I was pretty intrigued by this session title as I always thought the model was separated from the framework by default. He began the presentation by showing a few examples of the model leaking into the controller. His first example showed a query inside the controller that should have been in the model. (Makes sense.) He then flipped it and showed an example where the event object (his example was in Mach-II but could have been applied to Model-Glue) was passed to the model, ie:
foo = someModelCFC.someMethod(arguments.event);
Obviously this would tie the model to the event object specific to the framework.
So good examples, and things I would hope folks would get anyway, but now that I'm a bit more used to MVC I may be assuming too much. ;)
He then talked about the need for a service layer. This helps provide a stable API to the model. To be honest, I'm not quite sure I agree with this. Right now my controller talks to the model, but the model has no communication to the controller. So I don't see how providing a service layer is going to help. It almost feels like an API to an API. (Of course, now that I think about it, a factory is almost the same - an abstraction for CFCs that are also an abstraction.) I guess I feel like if I switch frameworks, I'm going to have to rewrite my controller anyway - not my model. So having this service layer doesn't seem to help. Instead of me doing model.foo(), I'm doing service.foo(), but I'm still writing a new controller anyway. I'm going to think about this more. (Along with all the other stuff this conference is making me reconsider.)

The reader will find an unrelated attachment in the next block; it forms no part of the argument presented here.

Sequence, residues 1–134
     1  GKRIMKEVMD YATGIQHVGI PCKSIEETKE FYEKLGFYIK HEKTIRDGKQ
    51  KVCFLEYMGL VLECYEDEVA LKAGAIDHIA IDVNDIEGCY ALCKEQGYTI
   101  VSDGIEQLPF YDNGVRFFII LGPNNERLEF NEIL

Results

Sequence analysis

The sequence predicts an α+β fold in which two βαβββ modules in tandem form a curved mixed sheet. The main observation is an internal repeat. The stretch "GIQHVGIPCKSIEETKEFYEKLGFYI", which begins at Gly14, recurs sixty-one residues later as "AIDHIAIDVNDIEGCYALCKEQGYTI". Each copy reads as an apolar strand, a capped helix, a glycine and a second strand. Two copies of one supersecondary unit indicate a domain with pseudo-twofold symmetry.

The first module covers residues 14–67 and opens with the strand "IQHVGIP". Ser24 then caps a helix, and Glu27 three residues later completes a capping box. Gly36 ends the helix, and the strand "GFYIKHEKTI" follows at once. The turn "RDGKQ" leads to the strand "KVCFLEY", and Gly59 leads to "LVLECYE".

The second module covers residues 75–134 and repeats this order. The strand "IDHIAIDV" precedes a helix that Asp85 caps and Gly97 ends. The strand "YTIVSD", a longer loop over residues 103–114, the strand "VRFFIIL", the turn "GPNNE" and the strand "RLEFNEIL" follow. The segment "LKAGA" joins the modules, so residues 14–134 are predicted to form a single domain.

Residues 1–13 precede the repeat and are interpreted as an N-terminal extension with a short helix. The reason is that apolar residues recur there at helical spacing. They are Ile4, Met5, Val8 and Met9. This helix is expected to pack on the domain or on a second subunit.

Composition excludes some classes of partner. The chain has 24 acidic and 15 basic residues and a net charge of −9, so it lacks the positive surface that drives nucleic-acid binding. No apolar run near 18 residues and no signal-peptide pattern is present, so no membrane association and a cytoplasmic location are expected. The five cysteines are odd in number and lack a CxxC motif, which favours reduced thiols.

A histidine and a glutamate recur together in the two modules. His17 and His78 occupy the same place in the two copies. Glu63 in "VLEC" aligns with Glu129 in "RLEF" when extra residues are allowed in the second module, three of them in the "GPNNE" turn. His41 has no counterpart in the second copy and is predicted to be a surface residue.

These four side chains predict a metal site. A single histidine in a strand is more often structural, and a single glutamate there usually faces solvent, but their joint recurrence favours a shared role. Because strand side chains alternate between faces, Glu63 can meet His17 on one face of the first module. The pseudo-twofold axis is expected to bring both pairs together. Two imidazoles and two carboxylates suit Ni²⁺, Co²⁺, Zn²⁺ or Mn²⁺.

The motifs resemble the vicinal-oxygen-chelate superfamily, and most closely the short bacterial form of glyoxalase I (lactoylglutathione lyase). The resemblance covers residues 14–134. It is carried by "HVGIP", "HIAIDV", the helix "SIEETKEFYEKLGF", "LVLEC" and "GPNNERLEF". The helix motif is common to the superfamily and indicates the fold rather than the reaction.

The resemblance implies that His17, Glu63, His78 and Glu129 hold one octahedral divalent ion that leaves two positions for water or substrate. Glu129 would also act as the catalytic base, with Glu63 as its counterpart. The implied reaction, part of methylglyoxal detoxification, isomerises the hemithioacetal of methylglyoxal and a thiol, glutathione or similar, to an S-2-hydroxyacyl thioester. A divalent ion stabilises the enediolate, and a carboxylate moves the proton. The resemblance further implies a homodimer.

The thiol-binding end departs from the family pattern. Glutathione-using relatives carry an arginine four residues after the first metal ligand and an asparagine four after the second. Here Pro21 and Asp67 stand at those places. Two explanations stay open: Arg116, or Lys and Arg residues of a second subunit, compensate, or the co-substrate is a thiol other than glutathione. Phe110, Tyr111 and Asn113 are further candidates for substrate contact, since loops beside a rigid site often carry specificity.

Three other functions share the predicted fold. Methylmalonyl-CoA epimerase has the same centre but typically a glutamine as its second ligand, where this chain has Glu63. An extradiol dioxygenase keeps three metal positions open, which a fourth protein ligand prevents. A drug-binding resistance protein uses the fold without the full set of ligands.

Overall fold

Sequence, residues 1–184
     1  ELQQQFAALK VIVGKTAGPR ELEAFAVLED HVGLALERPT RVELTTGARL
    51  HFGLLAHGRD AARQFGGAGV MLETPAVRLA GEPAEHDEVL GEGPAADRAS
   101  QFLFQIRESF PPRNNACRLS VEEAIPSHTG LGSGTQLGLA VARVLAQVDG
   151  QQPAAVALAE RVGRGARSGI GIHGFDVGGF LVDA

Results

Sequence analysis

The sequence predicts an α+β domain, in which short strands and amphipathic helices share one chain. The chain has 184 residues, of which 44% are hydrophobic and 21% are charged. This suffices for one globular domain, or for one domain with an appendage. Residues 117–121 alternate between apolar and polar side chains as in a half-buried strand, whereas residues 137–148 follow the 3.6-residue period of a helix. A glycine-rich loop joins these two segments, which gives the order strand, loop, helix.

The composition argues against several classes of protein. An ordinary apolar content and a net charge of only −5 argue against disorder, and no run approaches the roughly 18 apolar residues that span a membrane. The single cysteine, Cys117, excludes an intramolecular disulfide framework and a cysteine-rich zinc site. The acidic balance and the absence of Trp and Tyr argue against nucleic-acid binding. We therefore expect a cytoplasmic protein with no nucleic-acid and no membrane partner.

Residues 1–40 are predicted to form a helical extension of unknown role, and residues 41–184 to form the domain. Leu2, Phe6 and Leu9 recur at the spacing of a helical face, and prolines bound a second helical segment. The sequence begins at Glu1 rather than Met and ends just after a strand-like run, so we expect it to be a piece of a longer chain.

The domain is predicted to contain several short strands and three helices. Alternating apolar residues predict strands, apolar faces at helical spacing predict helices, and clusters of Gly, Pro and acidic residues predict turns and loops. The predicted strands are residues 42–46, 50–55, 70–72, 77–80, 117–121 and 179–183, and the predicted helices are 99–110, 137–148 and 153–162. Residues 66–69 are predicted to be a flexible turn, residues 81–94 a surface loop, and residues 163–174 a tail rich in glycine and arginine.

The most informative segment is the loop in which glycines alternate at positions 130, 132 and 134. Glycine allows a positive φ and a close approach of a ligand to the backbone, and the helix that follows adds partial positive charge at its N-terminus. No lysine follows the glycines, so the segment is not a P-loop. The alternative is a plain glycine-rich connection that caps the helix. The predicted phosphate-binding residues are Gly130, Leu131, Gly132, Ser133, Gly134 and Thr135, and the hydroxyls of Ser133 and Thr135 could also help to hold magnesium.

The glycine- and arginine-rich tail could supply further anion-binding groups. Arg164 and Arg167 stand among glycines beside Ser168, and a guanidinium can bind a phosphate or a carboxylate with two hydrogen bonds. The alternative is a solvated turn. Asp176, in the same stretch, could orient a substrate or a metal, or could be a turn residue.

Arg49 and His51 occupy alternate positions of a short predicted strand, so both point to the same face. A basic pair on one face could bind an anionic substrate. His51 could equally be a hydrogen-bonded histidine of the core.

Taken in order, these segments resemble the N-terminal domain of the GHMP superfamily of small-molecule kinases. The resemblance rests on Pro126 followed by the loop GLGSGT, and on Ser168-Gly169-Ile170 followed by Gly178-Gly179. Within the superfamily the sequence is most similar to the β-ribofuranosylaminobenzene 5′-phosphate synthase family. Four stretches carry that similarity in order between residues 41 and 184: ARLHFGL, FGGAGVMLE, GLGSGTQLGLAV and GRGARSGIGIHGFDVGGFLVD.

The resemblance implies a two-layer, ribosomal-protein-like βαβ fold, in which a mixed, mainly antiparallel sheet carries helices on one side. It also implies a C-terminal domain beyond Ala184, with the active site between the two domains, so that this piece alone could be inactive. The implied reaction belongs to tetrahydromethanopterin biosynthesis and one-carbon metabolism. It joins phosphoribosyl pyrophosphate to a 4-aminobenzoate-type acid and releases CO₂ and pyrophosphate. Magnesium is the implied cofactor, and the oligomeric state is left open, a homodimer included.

Ah! He just showed something very interesting - an abstraction of his views to support multiple frameworks. He does this by simply breaking up his view like so:
code specific to get stuff for the framework
Very interesting. This too seems like a bit too much - but I like the approach. (Ok, that sounds like I said I didn't like it and did - sorry. :)
Summary: Very interesting presentation, and I definitely think this was one of the best. (I'm saying that a lot - which I think speaks well for the conference.) I'm not quite sure I agree with everything here - but it is definitely something to think about.